1 Samuel 4:1-11
Our readings today take us from a battlefield where Eli, a priest of the Lord, loses his two sons with the Ark of the Covenant being captured by the Philistines to a serene setting of healing and compassionate love as Jesus heals a man afflicted with leprosy.
What connection can there be between these two very diverse places? And what message can each event teach us today?
We all know that Israel was dearly loved by the Lord; yet, the Philistines soundly and overwhelmingly defeat them in battle. The Ark of the Covenant is taken from the Israelites through the death of Eli’s two sons and now resides in the hands of the enemy Philistines. As one narrator puts it, "the glory has departed from Israel!" and it will not return until the Ark is taken to Jerusalem. This is a tremendous transition in Israel’s history and Israel is now to enter into the age of the prophets, the first of whom is Samuel. It is Samuel who will introduce the reign of the great Kings, Saul and David. Through all of this, Israel is called to trust and to be faithful to the Lord. Out of a battlefield of defeat and apparent despair comes a new moment in the life of God’s people if only they will place their trust in Him. Certainly all of us know those "battlefield" moments when we feel loss, confusion, even despair. It is at such times that we are called to draw closer to the Lord who alone is our hope and our salvation. We are called to move beyond apparent defeat and to know through loving trust the peace that comes only from the Lord.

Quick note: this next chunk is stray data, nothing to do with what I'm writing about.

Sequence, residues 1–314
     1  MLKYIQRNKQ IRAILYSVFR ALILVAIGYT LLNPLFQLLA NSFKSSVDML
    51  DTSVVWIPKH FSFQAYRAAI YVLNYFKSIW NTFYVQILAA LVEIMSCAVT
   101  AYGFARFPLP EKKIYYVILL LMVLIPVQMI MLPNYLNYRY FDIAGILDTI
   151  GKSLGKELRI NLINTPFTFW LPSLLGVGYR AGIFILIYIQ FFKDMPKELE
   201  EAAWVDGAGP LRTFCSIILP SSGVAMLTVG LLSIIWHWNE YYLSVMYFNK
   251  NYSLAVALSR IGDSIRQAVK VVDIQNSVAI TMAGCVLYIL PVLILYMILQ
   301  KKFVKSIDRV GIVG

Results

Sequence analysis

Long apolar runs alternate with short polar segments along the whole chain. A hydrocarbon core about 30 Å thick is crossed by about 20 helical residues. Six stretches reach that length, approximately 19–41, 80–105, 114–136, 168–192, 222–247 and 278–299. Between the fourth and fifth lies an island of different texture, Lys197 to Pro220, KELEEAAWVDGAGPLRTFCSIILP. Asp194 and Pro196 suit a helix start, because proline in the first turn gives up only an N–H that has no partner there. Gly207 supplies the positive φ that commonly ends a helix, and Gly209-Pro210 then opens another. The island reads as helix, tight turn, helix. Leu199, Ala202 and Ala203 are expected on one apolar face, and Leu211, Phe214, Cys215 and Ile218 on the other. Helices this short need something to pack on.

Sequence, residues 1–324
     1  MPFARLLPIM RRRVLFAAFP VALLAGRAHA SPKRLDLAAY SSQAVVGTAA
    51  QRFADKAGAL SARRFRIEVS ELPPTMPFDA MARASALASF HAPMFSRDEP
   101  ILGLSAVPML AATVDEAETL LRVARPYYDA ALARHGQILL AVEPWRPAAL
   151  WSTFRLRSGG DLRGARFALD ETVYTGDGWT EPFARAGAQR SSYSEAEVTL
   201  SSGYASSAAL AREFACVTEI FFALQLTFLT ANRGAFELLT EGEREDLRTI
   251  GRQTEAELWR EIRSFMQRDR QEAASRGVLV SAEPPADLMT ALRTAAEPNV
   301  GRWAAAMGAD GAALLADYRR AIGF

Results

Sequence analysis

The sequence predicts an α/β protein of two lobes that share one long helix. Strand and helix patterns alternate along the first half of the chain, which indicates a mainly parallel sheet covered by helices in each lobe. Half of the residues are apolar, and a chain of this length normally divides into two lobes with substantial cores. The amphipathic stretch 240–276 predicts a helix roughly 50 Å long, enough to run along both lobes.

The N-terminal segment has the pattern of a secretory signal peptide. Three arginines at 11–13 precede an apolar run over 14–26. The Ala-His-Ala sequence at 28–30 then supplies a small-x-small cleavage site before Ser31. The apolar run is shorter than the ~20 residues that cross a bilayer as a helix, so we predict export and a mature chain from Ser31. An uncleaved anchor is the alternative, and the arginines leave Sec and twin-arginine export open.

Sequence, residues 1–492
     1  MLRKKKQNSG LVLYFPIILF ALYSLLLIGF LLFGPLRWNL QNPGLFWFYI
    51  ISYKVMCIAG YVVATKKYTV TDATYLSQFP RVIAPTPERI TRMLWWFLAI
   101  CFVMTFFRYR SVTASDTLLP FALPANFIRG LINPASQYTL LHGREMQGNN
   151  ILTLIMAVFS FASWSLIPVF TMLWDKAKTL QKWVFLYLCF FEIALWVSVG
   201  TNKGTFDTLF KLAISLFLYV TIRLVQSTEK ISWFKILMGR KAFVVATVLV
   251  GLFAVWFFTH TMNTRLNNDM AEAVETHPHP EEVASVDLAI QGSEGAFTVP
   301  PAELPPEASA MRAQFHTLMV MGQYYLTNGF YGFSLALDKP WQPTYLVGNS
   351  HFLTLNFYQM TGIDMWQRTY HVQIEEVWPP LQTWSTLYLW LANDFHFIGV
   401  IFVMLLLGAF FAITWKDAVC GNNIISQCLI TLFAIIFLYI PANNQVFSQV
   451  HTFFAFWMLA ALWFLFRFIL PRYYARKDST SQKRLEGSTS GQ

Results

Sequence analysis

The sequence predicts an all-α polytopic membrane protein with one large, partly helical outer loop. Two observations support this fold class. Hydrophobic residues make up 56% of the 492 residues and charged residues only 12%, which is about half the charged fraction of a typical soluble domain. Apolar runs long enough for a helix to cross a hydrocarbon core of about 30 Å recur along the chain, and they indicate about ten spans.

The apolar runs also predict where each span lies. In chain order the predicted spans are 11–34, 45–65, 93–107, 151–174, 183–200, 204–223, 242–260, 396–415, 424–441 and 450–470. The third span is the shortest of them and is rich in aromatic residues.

But why should we believe this is possible and how can we so confidently put our trust in the Lord? It is here that we look carefully at the second place that draws our attention in today’s readings, the place where we see the Lord so lovingly heal the man whose life was so devastatingly torn asunder by leprosy. When Jesus cured this man not only did he heal him of a terrible, terrible disease but, in the very same instant of healing, Jesus makes it possible for him to return to home, family, and loved ones. No longer is he an outcast but now is part of all that he holds dear in his heart. How could he remain silent? As the scriptures tell us, "The man went away and began to publicize the whole matter." So great was his joy that it was impossible to remain silent even if it was Jesus himself who requested it!
The Lord in whom we place our trust at times of darkness is the very same Lord who is present to us in those battlefield moments of our lives. It is Jesus, the Lord, who is with us as he was with the Leper in today’s Gospel. It is Jesus who reaches out in caring, compassionate love. It is Jesus who leads us beyond moments of darkness and discouragement to the experience of new life, hope, and healing.
Fr. Pat Brennan, CP is the director of Mater Dolorosa Passionist Retreat Center, Sierra Madre, California.